Allergy symptoms such as sneezing, itchy eyes, and a runny nose have been getting worse over the past few decades, and the reason may surprise you: Climate change.
Scientists have found that allergy seasons are getting longer and more severe. Human-caused climate change is the “dominant driver” of these longer pollen seasons and is a major reason for increasing concentrations of pollen. See the research at Anthropogenic climate change is worsening North American pollen seasons, PNAS.
Compared to 30 years ago, the pollen season is starting 20 days earlier and lasting for almost a month longer. This is mainly because of increasing temperatures from climate change.
Health Impacts of More Pollen and Longer Seasons
Birch trees are a primary source of pollen. These trees can be found across the state and are the third most abundant pollen type found in Seattle. Scientists predict there will be eight times as much birch pollen in our region by the end of the century. Learn more about this research at Pollen calendars and maps of allergenic pollen in North America, Aerobiologia.
According to these predictions, pollen season would start two to four weeks earlier than it does now. In addition, climate change could increase the range of plants and their pollen. And with longer, stronger pollen seasons come major health consequences:
- People with allergies may struggle with more reactions over a longer pollen season.
- More people could be diagnosed with asthma.
- Viral infections could become more frequent.
- School performance and workplace productivity could decrease.
- More people will likely visit emergency rooms with respiratory problems.
How to Reduce the Effects of Pollen
At the Department of Health, we want you to be as healthy as possible. If you’re among millions of people in the U.S. who have pollen allergies, consider these steps to protect yourself.
- Clean the surfaces and floors in your home to remove dust and mold.
- Get high efficiency air filters that remove particles like pollen and mold in your HVAC systems. See Consumer Reports Air Filter Buying Guide.
- Spend less time outdoors or wear a mask when pollen is expected to be high. Get pollen count numbers from the Northwest Asthma and Allergy Center.
- Help track pollen levels (see below).
- See more tips on our Asthma, Allergens, and Irritants webpage.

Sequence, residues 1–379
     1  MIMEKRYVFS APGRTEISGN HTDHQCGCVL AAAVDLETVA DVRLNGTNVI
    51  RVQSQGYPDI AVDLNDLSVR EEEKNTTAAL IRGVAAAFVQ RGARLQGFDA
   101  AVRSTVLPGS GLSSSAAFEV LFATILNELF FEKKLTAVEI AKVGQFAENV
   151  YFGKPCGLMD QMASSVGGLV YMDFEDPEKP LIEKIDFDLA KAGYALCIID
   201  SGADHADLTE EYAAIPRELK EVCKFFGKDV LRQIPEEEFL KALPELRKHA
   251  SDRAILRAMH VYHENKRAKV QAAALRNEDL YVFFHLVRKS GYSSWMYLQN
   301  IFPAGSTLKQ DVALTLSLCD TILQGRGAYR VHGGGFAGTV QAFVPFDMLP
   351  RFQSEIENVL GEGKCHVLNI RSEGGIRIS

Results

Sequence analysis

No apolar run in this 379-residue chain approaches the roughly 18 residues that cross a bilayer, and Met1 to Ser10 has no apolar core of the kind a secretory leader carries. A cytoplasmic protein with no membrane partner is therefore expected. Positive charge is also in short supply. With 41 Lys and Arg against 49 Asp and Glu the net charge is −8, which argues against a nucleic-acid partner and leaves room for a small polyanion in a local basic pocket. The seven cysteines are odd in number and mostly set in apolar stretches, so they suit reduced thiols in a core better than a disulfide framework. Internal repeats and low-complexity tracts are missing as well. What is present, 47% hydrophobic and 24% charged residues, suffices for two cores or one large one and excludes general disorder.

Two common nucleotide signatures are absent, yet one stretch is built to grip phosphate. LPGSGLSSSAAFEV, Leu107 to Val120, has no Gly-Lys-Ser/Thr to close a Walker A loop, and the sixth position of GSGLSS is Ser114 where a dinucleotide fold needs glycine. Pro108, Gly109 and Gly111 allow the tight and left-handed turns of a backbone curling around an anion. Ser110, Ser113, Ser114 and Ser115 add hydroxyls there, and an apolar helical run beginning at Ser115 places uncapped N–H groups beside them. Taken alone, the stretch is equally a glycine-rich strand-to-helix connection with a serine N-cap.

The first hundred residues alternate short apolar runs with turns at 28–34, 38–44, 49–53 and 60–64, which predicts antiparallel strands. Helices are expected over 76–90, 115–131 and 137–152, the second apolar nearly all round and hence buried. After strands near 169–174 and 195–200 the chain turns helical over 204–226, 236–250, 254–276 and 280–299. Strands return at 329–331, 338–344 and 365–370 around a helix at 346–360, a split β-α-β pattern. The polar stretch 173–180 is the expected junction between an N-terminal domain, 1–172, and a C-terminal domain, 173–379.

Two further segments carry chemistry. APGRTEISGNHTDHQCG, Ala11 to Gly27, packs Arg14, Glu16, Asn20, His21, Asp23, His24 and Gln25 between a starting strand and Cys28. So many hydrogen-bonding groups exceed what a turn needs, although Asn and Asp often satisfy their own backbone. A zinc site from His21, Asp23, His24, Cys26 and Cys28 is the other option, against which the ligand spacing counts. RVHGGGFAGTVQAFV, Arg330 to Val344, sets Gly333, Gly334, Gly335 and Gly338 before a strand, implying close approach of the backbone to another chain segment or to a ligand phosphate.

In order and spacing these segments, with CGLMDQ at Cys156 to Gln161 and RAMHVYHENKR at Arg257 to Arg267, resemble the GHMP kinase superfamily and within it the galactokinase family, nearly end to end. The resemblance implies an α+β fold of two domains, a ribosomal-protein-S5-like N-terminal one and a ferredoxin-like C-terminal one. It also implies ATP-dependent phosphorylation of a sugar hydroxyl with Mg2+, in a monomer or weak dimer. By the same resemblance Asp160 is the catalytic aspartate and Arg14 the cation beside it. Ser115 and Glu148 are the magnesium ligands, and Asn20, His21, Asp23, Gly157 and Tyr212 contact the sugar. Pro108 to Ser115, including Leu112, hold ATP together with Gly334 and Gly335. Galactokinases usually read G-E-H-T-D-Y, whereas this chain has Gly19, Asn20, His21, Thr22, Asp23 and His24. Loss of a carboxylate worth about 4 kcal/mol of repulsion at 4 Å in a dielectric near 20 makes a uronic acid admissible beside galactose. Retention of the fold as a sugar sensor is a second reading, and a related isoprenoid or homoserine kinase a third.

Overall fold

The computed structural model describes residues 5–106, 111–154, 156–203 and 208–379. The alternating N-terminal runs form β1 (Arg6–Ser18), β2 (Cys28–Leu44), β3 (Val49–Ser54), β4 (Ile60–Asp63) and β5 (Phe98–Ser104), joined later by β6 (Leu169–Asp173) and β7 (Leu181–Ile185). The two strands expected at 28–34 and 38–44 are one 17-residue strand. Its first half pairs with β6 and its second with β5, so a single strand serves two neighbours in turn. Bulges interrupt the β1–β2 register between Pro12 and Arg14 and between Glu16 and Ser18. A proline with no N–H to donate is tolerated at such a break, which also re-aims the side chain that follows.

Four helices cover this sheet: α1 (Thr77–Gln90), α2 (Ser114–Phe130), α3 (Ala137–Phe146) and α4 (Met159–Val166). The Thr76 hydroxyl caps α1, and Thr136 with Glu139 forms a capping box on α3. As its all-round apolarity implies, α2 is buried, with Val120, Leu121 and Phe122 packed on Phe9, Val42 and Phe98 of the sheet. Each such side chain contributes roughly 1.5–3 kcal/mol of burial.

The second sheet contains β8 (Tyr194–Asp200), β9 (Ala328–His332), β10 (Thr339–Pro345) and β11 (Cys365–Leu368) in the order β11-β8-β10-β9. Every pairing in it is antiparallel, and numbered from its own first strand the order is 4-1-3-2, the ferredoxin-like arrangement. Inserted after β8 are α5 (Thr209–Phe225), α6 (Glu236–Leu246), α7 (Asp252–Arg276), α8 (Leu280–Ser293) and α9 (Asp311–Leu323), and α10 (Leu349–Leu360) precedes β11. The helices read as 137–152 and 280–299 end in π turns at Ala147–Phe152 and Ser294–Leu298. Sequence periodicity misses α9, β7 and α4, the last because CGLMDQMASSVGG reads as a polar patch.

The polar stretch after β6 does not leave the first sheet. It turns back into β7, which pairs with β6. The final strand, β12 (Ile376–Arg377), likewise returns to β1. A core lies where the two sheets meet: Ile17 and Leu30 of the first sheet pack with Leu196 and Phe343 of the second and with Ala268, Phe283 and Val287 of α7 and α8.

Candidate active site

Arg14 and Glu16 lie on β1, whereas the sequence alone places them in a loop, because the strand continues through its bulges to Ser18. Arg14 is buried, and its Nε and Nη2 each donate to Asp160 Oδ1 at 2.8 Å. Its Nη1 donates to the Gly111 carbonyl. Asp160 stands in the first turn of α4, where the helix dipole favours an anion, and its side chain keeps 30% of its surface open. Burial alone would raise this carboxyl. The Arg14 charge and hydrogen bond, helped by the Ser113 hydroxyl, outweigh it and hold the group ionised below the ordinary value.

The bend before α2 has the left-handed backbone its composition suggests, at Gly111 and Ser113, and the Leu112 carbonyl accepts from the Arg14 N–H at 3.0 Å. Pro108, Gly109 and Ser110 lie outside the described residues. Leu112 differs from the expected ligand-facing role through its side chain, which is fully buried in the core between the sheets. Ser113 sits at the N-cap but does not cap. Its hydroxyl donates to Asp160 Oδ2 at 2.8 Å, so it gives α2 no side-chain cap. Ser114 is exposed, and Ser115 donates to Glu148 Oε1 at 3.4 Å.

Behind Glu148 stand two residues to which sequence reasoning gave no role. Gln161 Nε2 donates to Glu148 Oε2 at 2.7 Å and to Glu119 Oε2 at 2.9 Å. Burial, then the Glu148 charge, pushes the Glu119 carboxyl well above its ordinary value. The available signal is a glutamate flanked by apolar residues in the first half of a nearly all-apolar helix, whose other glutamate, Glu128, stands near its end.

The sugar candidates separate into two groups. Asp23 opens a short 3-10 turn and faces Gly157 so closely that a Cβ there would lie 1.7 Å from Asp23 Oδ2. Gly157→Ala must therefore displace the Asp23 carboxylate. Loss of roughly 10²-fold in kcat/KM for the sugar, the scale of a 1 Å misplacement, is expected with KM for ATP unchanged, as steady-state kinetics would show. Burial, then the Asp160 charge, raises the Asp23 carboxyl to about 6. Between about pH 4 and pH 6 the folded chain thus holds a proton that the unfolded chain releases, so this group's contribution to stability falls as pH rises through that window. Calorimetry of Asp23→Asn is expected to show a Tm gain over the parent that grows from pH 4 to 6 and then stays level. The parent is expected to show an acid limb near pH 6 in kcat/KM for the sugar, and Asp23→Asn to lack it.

People who experience seasonal allergies can often use over-the-counter medication to get through itchy and sneezy days. But sometimes, people who suffer from asthma and other respiratory illnesses have dangerous, life-threatening reactions. See your medical provider if you have trouble breathing.
Help Study Pollen
By keeping track of pollen levels, we can help researchers, health care workers, and those with respiratory issues.
- Assist in the study of pollen by taking samples and sending them to the Pollen Nation project led by CitizenScienceHD and Emory University.
- Report when flowers open and other cyclical data to the National Phenology Network.
In 2024, we intend to implement a pollen surveillance system that will consist of 11 monitors with at least one in each climate zone in Washington state. The pollen surveillance system is intended to help people who suffer from seasonal allergies by providing real-time pollen detection information.
- Surveillance will be conducted using an APS400 Particulate Sensor by PollenSense providing live pollen data.
- The information from the monitors will be publicly available on the monitor manufacturer’s phone app, Pollen Wise, and on a web based DOH dashboard that will become available by the end of 2024.
- Information about distinct tree, grass, and weed pollens will be available to allow users to filter for specific pollens they are allergic to.
- The web based DOH dashboard will provide pollen data based on location, including statewide and location specific data.
Take Action to Fight Climate Change
We offer ways you can help reduce your impact on climate change. For example, you can:
- Invest in the future.
- Speak up.
- Drive less.
- Reduce food waste.